“In my view, it’s important to know just how extreme this important man really is, especially because [Leon] Panetta and [Hillary] Clinton after visits there made statements suggesting otherwise,” says MEMRI board director Elliott Abrams, who served in top policy positions under Presidents Reagan and George W. Bush. “You’re right that if such a tape by Putin or [Turkey's] Erdogan or [Argentina's] Kirchner, etc., etc., was discovered, it would be big news. If it isn’t, is the MSM saying, ‘Well, hell, we know all Muslims have a fanatical hatred of Jews, so no big deal?’”
On Sunday, CNN’s Wolf Blitzer spent an hour with Morsi in Cairo in what the network billed as an exclusive interview. It was a fine conversation, and he’s doing an hour-long special this weekend about his hour-long interview and visit to Egypt. Blitzer is one of my favorite TV anchors today. (He plays it straight, if sometimes dull, and doesn’t condescend to viewers. I never feel like he’s trying to drag me with a rope through my television set.)
But Wolf could have tossed a few Ape-and-Pig hardballs in Morsi’s direction — given that his reporting staff surely must have been aware of the tapes from the Jerusalem Post piece, if from nowhere else. Why not ask the anthropologist-in-chief: “Do you still believe that Jews are pigs? Invoking Koranic scripture, you claimed that Zionists descend from pigs, but since Zionists weren’t around at the time of your prophet, does this mean all Jews come from pigs, or just certain ones? Do you still believe that America should be boycotted? And does that include American cash? Or should your whole diatribe be disregarded as merely the kooky, carefree views from one’s youth – uhhh…TWO YEARS AGO?”
For several days, I attempted to speak with Blitzer about the good, the bad and the ugly of media coverage of the Middle East. But his publicist says he’s too busy – even to consider responding to a single email question prior to my publishing.
The New York Times rarely touches this stuff. In fact, a harshly critical mega-report about the newspaper’s Middle East coverage was recently released by the Committee for Accuracy in Middle East Reporting in America (CAMERA). The Times can’t be too happy about it. “The failure of the New York Times to cover the hate indoctrination leads the pack, in a way,” CAMERA’s head Andrea Levin told me yesterday. “The fact that they deem it to be so unimportant helps to lay down that news decision for others as well. And, to us, it’s one of the greatest derelictions in current news coverage of the conflict.”...
Read it all. And note that yesterday the New York Times, probably shamed into it by Behar's piece, finally noticed Morsi's remarks. The rest of the mainstream media, however, still doesn't find Morsi's remarks fit to print.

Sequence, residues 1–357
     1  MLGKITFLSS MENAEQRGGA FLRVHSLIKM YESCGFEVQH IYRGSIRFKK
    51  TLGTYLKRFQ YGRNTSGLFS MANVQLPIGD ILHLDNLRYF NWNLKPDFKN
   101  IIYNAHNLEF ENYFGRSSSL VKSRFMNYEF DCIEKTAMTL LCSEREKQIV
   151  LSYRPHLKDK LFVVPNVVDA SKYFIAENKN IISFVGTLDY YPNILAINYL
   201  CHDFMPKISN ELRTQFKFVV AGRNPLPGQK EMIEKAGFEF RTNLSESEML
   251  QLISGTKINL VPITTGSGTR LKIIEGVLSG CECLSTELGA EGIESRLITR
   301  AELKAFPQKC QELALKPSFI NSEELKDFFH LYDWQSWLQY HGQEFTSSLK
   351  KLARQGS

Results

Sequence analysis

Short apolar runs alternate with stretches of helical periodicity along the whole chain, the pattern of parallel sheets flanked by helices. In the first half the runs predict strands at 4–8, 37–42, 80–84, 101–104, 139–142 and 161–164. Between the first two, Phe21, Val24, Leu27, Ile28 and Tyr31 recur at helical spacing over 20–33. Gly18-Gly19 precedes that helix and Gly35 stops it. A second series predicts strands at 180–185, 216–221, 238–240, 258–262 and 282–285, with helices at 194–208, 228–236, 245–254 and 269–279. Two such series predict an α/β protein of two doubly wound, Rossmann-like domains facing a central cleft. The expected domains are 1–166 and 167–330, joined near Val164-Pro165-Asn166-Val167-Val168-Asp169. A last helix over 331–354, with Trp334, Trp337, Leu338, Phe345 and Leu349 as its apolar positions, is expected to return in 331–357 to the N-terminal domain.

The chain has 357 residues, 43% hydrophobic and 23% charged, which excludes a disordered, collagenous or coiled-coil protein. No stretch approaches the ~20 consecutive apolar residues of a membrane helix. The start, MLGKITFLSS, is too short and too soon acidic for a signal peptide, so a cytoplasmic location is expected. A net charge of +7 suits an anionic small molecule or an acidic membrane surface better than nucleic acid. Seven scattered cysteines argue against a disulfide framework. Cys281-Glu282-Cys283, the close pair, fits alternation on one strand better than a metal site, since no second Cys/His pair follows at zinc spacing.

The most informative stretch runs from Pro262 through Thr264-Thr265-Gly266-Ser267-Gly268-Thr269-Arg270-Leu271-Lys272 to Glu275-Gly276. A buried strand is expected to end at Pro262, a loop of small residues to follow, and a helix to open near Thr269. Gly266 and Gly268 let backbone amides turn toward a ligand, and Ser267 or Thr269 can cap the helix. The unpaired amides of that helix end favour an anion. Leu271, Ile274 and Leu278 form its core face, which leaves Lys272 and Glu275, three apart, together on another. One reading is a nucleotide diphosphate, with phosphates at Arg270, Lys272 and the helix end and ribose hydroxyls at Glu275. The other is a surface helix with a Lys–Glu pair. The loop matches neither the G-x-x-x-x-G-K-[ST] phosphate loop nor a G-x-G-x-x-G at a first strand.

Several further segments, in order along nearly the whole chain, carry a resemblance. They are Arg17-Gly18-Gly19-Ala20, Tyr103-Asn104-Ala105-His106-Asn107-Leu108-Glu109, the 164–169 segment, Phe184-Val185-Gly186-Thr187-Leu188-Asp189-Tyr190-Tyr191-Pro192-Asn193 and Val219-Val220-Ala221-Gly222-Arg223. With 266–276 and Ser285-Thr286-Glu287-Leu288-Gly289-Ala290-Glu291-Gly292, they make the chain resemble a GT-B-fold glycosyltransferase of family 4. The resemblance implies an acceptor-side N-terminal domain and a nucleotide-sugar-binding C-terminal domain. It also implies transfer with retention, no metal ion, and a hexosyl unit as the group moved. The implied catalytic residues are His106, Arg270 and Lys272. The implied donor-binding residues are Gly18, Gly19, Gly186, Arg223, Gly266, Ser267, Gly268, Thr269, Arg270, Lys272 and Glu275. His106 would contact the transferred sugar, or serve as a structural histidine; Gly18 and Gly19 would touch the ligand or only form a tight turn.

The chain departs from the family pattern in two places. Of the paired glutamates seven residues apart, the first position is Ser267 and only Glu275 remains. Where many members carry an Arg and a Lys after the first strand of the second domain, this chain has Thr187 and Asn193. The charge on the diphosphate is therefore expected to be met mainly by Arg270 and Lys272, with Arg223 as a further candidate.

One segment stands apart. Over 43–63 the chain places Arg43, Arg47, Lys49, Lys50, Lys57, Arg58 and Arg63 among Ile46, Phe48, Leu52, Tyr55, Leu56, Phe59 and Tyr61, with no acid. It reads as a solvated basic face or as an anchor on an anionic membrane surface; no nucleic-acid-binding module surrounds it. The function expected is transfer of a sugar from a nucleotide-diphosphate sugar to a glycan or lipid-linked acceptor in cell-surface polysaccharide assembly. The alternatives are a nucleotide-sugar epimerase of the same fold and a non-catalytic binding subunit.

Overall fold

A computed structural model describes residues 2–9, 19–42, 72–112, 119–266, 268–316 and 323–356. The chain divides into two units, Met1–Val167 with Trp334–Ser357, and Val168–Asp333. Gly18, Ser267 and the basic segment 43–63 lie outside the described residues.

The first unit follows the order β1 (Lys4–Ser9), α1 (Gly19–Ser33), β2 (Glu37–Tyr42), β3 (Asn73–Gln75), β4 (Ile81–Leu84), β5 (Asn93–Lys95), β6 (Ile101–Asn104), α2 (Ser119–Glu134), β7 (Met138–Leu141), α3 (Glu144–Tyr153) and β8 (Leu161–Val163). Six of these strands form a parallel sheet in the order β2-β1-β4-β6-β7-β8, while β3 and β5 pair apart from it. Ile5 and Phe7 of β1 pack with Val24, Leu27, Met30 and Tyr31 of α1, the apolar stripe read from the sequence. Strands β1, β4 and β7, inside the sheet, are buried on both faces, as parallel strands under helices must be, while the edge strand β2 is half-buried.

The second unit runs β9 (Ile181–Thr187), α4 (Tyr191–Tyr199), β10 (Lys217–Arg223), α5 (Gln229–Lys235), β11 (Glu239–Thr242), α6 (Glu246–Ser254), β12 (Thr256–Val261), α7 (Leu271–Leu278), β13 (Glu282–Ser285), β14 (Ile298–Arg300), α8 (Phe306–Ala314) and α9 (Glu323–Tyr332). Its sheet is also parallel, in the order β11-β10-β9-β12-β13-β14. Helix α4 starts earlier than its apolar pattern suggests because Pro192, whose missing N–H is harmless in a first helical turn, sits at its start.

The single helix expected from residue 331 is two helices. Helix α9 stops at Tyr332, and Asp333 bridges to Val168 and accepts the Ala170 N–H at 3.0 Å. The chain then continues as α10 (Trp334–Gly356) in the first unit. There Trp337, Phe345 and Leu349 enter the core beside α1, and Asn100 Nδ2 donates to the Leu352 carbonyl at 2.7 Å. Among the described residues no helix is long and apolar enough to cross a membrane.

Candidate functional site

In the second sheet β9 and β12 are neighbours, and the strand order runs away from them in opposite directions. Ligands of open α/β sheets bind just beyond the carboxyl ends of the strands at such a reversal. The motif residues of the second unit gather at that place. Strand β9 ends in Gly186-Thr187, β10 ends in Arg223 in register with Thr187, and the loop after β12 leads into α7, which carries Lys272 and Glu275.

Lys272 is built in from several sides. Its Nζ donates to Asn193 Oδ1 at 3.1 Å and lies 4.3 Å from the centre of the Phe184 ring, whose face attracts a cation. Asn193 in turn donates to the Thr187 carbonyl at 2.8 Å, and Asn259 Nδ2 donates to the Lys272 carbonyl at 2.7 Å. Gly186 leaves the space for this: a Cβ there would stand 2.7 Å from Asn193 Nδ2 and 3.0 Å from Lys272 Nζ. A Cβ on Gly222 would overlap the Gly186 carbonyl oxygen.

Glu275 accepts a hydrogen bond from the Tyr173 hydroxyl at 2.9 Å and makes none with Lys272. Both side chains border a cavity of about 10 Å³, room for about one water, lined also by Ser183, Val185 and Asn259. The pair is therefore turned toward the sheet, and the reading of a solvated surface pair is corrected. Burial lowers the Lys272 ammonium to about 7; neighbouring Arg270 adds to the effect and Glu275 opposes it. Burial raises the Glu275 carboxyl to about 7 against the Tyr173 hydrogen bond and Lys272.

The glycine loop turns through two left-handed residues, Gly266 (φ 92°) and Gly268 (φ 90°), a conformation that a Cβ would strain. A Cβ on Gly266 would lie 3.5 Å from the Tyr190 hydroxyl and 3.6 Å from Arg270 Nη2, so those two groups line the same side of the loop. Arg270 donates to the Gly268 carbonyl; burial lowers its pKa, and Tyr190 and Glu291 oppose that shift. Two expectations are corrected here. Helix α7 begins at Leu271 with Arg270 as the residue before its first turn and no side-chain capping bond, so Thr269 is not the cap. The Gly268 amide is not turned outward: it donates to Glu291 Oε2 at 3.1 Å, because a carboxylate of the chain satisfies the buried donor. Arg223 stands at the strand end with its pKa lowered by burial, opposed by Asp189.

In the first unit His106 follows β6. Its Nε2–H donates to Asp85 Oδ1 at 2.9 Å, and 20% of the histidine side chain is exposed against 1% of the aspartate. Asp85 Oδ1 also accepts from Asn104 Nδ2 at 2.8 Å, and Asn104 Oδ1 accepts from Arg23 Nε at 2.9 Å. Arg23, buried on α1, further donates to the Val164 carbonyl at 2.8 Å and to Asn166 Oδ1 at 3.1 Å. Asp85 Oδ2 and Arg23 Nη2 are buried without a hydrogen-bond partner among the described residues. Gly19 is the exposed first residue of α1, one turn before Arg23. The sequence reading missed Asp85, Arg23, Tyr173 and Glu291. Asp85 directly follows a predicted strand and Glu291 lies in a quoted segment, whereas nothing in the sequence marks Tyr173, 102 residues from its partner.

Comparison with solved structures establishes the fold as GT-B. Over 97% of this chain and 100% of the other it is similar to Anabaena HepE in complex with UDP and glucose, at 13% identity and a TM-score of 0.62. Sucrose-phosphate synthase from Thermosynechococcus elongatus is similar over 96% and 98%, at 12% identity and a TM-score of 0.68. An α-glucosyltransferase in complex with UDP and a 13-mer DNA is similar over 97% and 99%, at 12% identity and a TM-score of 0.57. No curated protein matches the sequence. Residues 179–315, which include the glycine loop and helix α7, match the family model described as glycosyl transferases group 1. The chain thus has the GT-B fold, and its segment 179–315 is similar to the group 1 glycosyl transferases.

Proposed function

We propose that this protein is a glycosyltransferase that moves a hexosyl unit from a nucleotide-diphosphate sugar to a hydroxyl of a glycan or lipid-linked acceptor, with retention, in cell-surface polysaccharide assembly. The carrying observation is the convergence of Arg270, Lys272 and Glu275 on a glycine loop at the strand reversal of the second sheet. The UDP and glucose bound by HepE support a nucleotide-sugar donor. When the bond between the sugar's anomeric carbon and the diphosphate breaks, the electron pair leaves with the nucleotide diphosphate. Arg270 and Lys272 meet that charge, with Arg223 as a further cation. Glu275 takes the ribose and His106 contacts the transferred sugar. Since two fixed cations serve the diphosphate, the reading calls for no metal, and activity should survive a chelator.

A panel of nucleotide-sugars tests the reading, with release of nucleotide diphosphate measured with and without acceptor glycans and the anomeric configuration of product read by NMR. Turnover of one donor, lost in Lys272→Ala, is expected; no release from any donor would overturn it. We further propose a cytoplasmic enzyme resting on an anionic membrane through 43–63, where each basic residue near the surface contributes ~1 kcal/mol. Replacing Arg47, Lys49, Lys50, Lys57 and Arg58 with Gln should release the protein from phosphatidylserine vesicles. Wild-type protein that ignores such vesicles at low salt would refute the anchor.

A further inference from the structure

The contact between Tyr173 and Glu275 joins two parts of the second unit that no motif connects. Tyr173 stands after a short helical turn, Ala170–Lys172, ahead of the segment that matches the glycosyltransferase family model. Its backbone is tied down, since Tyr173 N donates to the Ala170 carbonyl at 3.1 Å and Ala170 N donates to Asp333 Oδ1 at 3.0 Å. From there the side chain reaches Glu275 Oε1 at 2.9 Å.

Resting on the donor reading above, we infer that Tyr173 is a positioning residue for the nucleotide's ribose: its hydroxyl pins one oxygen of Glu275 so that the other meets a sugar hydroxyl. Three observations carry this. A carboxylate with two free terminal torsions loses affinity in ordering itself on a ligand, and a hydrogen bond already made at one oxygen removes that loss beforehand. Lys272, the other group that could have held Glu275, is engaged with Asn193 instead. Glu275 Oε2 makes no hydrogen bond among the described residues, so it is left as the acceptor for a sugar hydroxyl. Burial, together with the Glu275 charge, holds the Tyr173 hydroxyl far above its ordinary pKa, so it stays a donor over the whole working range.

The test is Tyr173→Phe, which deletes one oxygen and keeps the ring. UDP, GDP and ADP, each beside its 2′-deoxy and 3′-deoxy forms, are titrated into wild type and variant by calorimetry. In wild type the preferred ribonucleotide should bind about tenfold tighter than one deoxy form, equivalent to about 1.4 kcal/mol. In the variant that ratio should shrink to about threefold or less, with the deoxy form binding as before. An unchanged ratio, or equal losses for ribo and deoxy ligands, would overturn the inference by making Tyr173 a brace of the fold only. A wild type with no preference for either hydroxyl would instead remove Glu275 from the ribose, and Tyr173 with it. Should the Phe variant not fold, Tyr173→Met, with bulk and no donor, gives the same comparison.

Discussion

"You have enemies? Good. That means that you have stood up for something, sometime in your life." - Winston Churchill.
Hitler Honored in Upscale Mall in Turkey...
Reply #1746 on:
January 16, 2013, 10:54:14 AM »
Hitler honored in upscale mall in modern, moderate Turkey
Robert Spencer - January 16, 2013 -
Turkey's rapid re-Islamization and abandonment of secularism has been accompanied by a sharp rise in hostility for Israel and Islamic antisemitism. "Hitler Honored in Upscale Instanbul Mall," by Lori Lowenthal Marcus in the Jewish Press, January 15:
People who have been paying attention know that relations between Israel and Turkey have been eroding, but not many realize that Turkey is now not only openly hostile to the Jewish State, but also to the Jewish people.
On Friday, January 11, a Turkish citizen took a picture to show exactly how belligerent Turkey has become. The picture is of a huge poster with the words, “Who Would You Like to Meet if You Could?” and the last name, and only photograph, is of Adolf Hitler. The other choices include Suleiman I, Mustafa Kemal Ataturk, Napolean Bonaparte, the Beatles, Elvis Presley, Vladimir Lenin, Boris Yeltsin, Leonardo Da Vinci, Arnold Schwarzenegger and Michael Jackson. But only Hitler warranted a picture, a huge one at that.
According to Ege Berk Korkut, an active Turkish writer and blogger, the sign was placed in the Sapphire Mall by the owners, a group of Turkish businessmen who are devoted to Erdogan. Korkut explained to The Jewish Press that the Sapphire is an ultra-upscale mall in Levent, the wealthiest neighborhood in Istanbul. The Sapphire building is one of the tallest buildings in Europe.
Korkut said that while a few people have complained about the banner – and the management has refused to remove it – most shoppers just glance at it and continue shopping. Ho-hum, nothing startling or even mildly interesting about a huge photograph of Adolf Hitler hanging in the Turkish equivalent of Via Bellagio in Las Vegas or The Shops at Columbus Circle in New York City.
And it is not only Israel and the Jews towards which Turkey has turned its back.
The Iranian Ambassador to Turkey, Bahman Hussein Pour, discussed the close and ever-increasing Iranian-Turkish relations in an article in the January 14 MehrNews.com, an Iranian news agency.
Hussein Pour pointed out that while Western countries, “especially the U.S.,” have been pressuring Turkey to reduce economic relations with Iran, “Iran-Turkey trade volume exceeds $21b this year for the first time.” The Iranian Ambassador concluded that Turkish-Iranian relations are irreversible.